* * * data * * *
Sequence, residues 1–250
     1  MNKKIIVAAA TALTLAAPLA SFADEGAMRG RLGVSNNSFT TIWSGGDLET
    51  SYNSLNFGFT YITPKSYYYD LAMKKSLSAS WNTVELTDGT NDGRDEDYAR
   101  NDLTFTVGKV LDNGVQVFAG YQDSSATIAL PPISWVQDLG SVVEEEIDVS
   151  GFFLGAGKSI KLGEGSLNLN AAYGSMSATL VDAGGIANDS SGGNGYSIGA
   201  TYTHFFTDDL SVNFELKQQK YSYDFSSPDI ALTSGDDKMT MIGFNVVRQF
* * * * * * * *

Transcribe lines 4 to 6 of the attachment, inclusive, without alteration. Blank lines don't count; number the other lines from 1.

   101  NDLTFTVGKV LDNGVQVFAG YQDSSATIAL PPISWVQDLG SVVEEEIDVS
   151  GFFLGAGKSI KLGEGSLNLN AAYGSMSATL VDAGGIANDS SGGNGYSIGA
   201  TYTHFFTDDL SVNFELKQQK YSYDFSSPDI ALTSGDDKMT MIGFNVVRQF